“The hell with this,” she mumbled. “I will have him.”

Esme released the bread, milk, and cherry Icee to fall hard on the floor. She barely heard the squeal of outrage from the woman in front of her. Esme had to hurry to follow him.

The man reached his truck and climbed in. Esme scooted around to the passenger door and quickly hopped in with him.

“What the hell?” he said as her door slammed shut. He turned to face her.

Esme gasped. This was the first she’d seen of his face, and his green eyes literally made her temporary human heart skip a beat. She knew of more than one pharmacist on her last world who would pay dearly for those eyes. They made wonderful aphrodisiacs when ground and mixed with herbs.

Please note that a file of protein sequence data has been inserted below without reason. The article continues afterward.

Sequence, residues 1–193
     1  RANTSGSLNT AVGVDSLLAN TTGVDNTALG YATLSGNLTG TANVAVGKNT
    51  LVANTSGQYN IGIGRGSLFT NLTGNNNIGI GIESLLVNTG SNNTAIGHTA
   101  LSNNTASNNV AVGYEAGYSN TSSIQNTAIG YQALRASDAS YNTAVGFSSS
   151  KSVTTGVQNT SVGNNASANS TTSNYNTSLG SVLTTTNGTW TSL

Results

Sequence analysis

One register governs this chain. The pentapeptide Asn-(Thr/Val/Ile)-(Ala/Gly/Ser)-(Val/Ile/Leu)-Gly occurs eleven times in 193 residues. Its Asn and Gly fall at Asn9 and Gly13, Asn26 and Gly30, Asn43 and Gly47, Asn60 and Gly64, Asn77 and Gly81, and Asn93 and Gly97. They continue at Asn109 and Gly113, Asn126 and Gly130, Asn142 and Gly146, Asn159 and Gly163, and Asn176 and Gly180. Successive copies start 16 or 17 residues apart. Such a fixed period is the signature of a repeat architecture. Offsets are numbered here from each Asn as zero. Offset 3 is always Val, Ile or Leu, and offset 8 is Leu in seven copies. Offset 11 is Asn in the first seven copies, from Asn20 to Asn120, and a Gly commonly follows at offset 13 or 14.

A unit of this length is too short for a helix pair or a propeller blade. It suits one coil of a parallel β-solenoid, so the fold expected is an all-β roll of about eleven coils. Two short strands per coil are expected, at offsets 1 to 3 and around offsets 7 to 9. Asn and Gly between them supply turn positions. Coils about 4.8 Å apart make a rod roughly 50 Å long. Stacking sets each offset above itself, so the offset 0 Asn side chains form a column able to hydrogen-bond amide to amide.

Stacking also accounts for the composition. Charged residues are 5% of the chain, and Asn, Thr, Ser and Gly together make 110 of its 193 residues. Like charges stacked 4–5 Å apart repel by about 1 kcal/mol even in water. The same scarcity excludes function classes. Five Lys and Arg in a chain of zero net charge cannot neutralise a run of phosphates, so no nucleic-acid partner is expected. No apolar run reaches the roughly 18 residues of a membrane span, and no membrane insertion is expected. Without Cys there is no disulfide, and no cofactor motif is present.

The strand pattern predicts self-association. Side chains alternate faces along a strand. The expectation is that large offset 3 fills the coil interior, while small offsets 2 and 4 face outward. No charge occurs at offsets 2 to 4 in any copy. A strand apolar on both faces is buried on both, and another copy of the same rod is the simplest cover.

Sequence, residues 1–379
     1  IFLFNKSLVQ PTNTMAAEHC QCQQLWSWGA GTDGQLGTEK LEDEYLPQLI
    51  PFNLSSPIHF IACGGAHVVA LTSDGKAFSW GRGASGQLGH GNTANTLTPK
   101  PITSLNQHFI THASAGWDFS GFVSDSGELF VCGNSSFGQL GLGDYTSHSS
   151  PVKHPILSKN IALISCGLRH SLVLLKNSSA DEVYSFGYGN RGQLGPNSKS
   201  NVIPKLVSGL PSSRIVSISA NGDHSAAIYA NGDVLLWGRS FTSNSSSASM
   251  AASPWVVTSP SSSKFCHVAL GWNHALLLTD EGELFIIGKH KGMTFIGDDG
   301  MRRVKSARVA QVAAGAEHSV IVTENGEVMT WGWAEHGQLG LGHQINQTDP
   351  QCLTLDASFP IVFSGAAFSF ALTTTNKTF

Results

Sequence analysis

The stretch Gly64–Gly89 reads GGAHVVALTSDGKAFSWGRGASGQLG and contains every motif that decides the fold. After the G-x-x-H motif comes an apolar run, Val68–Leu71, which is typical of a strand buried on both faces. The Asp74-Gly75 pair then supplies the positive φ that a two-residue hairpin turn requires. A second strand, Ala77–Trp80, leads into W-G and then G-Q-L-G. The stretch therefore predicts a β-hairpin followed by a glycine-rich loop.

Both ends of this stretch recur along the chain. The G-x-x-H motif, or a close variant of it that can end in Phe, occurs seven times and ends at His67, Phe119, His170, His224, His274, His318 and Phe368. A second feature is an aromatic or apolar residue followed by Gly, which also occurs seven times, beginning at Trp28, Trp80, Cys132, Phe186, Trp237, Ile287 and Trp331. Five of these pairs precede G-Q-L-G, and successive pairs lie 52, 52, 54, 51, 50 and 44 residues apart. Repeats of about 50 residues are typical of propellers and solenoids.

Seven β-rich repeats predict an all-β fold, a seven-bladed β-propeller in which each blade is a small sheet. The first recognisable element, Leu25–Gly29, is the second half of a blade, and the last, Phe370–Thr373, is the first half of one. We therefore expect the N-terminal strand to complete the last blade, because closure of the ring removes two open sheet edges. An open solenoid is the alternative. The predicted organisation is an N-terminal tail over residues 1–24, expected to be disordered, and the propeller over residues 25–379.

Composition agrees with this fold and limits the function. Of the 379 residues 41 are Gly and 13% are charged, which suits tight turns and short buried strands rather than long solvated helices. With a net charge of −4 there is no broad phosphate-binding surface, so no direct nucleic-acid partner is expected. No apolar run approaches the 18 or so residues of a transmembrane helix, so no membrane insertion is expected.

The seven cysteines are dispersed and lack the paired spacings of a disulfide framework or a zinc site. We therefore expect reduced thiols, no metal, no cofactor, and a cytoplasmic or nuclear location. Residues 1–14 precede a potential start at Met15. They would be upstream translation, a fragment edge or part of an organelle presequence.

“What’s your problem, lady? Get out!”

The man grabbed her arm and started to drag her across the seat and out his door.

“Wait,” Esme cried, whipping up some tears. “I just need a ride.”

“I don’t have time for crazy people,” he said. “I have to get to work.”

“But I only live down the street.”

Esme watched him waver in his decision. He sighed and she had him, she knew.

Then Esme saw the other man coming toward their truck. No! How could he have tracked her to Earth?

“Let’s go,” she said loudly. “That man there? He’s my ex and he’ll kill us both. Come on!” She pulled the man back into his seat.

“Great,” he said as he started the truck and peeled out. “I knew you were trouble. Where do you live?”

“Turn left here.” Esme chanced a glance behind them. Sortoran was catching up fast as they hit a dirt road. He was in a black Mustang and running those horses hard.